The Quirky Nature of B12
The quirky nature of B12, requires you to check your levels regularly. If you have poor digestion, what naturopaths call leaky gut (hyperpermeability), low hydrochloric (HCI) stomach acid, poor uptake in the small intestines then you could have low B12. Hippocrates coined the phrase – “All disease begins in the gut’’, and this couldn’t be more true than for vitamin B12.
Vitamin B12 Absorption
Vitamin B12 (cobalamin as it is known scientifically) is a power house nutrient obtained mostly from animal protein foods in the diet. It relies on gastric acid in the stomach to liberate (release) the proteins that bind to it, which help to protect it from being destroyed in the stomach, as it makes it way to the small intestine. Once it reaches the small intestine, it is utilised through pancreatic enzymes which release it to intrinsic factor, the cells that help absorption. From here it is transported to cells where its functions are carried out and it ends up in the liver where it is stored. Vitamin B12 absorption requires many processes, nutrients and enzymes along the way. As you have probably gathered it can be a bit tricky to obtain in the body especially if your digestion is not optimal (ie often with chronic conditions).
What it does?
Vitamin B12 is essential for the normal functioning of all cells. It affects cell growth and replication, metabolism of carbohydrates (grains & cereals), fats and lipids (butter & oils), and protein (meats, fish & dairy). It is found in DNA (genetic material), and importantly is involved in making red blood cells (in bone marrow). It is involved in methylation processes, (conversion of homocysteine to methionine by methionine synthase), transferring a methyl group from methylfolate.
It helps to make myelin sheath and nerve cells with a deficiency possibly resulting in peripheral nerve damage and pain. B12 helps to regulate immunity and has antioxidant ability. It is important for healthy skin, mucous membranes, bones and blood vessels.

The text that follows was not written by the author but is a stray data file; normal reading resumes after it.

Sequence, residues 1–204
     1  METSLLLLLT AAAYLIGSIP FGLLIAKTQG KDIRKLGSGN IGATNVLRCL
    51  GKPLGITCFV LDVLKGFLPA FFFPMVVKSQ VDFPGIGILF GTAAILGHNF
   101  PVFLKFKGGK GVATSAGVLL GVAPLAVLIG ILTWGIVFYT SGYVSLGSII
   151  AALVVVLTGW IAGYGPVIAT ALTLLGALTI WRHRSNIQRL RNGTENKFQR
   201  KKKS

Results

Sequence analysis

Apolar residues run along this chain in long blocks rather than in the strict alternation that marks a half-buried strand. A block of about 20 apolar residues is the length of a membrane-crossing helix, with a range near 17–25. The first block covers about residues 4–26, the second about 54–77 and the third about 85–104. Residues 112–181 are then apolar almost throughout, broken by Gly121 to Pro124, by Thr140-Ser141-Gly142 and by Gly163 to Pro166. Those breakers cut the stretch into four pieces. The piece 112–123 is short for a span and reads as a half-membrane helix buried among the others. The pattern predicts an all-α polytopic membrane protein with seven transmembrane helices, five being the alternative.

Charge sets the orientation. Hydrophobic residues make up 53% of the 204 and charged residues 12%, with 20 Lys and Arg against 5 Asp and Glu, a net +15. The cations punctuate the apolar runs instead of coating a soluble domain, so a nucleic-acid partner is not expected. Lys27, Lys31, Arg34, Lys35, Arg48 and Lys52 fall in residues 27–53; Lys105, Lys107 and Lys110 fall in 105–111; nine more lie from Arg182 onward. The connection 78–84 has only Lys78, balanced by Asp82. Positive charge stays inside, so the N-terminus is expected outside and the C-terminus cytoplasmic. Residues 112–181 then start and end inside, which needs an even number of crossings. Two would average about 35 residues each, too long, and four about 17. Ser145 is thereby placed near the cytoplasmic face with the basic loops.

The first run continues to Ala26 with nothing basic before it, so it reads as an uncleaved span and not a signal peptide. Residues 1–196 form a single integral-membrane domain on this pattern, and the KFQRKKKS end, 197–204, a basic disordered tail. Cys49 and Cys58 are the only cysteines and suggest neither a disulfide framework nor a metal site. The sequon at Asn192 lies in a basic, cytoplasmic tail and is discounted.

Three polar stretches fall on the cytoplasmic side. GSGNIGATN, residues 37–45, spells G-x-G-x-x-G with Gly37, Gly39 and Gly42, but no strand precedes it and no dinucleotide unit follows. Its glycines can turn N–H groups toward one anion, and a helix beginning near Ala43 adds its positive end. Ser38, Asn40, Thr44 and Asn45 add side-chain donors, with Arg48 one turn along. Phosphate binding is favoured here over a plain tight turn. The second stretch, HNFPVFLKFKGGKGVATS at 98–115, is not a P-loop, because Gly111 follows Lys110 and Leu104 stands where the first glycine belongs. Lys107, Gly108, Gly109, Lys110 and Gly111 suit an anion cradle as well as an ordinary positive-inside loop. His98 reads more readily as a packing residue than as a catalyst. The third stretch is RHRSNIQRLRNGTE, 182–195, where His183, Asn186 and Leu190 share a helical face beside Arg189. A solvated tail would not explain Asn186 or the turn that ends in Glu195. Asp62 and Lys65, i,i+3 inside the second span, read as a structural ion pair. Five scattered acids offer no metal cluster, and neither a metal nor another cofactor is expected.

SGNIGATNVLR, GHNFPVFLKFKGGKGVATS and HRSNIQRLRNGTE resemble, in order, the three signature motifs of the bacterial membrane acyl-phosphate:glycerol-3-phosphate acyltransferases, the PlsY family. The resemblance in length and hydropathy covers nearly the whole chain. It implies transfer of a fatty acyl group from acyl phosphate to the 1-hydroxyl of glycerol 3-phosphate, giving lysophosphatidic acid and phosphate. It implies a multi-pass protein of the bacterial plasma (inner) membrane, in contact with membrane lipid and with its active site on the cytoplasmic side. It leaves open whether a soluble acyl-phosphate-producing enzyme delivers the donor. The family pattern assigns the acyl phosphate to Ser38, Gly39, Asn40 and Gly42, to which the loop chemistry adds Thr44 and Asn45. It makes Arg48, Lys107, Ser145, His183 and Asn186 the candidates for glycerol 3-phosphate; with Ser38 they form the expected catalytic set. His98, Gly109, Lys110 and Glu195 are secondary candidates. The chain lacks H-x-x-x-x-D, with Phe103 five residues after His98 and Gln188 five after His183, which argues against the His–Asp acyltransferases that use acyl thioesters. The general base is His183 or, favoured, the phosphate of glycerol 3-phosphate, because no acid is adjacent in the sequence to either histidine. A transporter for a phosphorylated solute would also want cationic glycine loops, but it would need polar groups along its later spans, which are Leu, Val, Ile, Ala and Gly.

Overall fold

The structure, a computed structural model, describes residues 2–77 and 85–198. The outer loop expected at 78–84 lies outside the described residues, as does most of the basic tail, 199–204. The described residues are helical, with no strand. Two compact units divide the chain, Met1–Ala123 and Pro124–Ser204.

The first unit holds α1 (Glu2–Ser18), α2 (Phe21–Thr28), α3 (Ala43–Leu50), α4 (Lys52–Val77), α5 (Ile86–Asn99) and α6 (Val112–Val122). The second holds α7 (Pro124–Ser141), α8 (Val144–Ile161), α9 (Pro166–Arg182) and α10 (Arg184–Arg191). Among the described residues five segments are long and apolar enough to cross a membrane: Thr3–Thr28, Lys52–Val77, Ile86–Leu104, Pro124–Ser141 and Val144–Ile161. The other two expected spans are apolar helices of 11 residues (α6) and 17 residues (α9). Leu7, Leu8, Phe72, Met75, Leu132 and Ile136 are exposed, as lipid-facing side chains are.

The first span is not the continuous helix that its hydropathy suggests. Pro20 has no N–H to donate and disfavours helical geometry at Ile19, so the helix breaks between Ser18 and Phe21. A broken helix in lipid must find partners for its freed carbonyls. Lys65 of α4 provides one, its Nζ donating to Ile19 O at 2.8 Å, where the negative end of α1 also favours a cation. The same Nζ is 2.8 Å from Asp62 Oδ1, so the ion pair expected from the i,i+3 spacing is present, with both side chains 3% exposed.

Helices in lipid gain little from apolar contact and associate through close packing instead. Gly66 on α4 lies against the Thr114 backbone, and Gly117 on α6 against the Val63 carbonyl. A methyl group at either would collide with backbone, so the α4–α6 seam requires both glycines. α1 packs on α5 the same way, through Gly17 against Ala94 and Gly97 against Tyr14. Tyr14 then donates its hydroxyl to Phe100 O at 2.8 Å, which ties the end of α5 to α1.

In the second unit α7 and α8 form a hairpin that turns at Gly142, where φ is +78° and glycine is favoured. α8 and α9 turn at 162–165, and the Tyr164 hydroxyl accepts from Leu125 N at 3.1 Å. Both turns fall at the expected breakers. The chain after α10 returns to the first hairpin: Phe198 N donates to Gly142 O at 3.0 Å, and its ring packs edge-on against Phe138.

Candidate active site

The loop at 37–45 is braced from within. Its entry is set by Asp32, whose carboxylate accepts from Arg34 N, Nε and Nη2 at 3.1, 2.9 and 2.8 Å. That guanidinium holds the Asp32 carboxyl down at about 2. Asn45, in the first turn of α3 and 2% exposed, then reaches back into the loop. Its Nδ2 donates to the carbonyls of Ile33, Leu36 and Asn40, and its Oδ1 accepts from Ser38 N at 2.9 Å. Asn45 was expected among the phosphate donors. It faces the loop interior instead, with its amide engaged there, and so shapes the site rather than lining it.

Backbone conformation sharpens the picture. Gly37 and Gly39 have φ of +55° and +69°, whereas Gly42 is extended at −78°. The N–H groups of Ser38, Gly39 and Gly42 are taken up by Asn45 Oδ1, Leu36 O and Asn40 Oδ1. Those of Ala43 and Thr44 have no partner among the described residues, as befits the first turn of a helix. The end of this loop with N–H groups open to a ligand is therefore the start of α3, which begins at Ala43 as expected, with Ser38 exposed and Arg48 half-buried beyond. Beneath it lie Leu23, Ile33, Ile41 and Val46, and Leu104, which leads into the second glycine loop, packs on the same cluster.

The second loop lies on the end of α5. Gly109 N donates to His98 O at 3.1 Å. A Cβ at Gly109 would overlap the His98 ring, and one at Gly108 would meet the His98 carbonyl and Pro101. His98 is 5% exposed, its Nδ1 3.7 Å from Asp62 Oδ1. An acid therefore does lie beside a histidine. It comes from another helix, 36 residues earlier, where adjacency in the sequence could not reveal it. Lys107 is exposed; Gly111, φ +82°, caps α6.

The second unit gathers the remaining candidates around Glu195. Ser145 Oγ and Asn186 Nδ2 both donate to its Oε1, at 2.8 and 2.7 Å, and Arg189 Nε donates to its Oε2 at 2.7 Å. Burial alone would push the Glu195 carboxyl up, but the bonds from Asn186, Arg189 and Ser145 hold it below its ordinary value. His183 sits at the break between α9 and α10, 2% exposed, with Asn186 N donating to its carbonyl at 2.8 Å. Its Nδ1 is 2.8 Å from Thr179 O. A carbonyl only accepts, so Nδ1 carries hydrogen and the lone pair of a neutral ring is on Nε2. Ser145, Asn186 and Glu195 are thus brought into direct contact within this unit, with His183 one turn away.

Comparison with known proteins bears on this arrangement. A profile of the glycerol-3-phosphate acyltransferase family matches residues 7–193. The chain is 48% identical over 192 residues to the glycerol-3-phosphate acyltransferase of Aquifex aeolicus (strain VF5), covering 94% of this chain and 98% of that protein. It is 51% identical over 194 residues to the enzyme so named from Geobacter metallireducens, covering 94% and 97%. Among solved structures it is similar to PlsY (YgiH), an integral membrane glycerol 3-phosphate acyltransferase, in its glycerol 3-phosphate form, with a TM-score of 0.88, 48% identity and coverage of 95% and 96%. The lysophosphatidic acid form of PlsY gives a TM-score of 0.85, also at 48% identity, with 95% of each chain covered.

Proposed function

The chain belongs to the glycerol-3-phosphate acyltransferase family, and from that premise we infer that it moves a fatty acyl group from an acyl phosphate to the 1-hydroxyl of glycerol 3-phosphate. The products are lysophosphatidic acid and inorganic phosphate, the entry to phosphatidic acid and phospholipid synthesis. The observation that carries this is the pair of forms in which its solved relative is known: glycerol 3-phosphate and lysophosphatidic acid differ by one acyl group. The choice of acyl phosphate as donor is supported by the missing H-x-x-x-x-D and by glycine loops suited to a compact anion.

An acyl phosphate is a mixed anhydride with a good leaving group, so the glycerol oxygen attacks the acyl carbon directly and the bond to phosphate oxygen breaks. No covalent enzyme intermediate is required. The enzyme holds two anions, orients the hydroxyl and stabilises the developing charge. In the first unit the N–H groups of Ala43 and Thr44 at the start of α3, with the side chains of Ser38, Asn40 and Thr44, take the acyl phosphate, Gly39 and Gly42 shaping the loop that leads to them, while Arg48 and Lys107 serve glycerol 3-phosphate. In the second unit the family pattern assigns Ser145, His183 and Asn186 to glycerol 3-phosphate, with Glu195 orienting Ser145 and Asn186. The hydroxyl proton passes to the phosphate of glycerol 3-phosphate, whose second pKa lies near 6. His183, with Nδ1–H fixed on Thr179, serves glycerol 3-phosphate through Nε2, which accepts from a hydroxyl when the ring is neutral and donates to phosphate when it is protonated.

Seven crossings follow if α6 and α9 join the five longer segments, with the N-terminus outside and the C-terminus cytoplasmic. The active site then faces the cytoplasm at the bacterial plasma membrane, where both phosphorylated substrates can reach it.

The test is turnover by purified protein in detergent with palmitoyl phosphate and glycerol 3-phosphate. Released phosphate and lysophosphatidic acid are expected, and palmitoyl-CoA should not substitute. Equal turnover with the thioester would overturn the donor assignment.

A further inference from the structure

If you suffer from any of theses symptoms you may be low in B12
- Low energy, fatigue or lethargy
- Methylation issues
- Anaemia and pernicious anaemia (an autoimmune condition)
- Psychological disturbances including depression, irritability
- Impaired memory, brain fog and dementia
- Gastrointestinal disturbances such as loss of appetite, intermittent constipation and diarrhea, abdominal pain, atrophic gastritis
- Folic acid supplementation can mask an underlying B12 deficiency
Vegetarians are at risk of low B12 due to it being found in animal sources of food only. Plants do not process or make B12 because they have no cobalamin-dependent enzymes. Most microorganisms, including bacteria and algae, can make B12 which then makes its way into the food chain.
Vital Food Sources
- Lamb’s liver
- Egg yolk
- Cheese and milk
Serum B12 is usually tested through your GP. Red Blood Cell B12 is a sometimes recommended by Naturopaths. An important point is that once you have been tested a certain way it is recommended to retest the same way enabling consistency to check changes in levels.
B12 supplementation is usually taken orally (or as a lozenge to bypass the small intestine), and intravenously.
Check your vitamin B12 levels yearly to ensure no deficiency. Consult your clinical naturopath-nutritionist to ensure these levels are optimal. High B12 levels can indicate absorption and/or possible methylation issues. It is important to check with your health professional who understands optimal levels and your requirements.
Products available to support digestion through consultation with Karen in Nov 18
- Digest Forte – 50% discount
- Herbal Tincture – 30% discount
- Sublingual B12 – 30% discount (all only available in consultation).
To book with Karen Green – email email@example.com or call 0400836254. Karen consults Wednesday, Thursdays and Fridays. Saturdays (on occasions). By appointment only. consultations available via phone, internet and in person.